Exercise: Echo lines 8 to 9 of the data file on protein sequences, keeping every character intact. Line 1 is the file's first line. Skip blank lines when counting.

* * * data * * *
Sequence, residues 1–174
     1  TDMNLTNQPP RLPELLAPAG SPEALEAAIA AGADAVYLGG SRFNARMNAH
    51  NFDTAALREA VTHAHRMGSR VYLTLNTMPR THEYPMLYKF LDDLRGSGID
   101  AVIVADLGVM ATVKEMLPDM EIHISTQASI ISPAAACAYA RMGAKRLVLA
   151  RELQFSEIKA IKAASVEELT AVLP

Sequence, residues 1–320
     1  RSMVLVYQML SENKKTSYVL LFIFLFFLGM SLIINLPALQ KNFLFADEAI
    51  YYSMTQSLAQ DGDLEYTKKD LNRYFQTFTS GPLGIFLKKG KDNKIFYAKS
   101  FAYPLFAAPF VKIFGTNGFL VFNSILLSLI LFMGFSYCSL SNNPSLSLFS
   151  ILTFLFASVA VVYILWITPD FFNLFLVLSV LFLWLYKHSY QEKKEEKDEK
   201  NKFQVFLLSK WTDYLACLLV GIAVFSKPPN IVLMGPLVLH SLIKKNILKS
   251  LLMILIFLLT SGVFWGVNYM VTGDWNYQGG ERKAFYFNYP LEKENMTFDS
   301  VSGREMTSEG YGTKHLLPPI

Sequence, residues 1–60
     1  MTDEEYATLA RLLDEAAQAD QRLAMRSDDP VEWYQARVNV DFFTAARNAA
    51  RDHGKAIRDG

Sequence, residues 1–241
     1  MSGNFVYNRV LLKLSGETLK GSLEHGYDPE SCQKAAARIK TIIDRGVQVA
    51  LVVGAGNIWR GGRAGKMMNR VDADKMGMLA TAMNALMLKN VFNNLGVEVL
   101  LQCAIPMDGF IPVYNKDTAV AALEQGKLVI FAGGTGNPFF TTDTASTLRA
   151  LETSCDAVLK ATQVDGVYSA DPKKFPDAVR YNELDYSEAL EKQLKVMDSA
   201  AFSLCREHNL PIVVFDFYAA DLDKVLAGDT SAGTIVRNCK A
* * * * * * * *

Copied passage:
    51  YYSMTQSLAQ DGDLEYTKKD LNRYFQTFTS GPLGIFLKKG KDNKIFYAKS
   101  FAYPLFAAPF VKIFGTNGFL VFNSILLSLI LFMGFSYCSL SNNPSLSLFS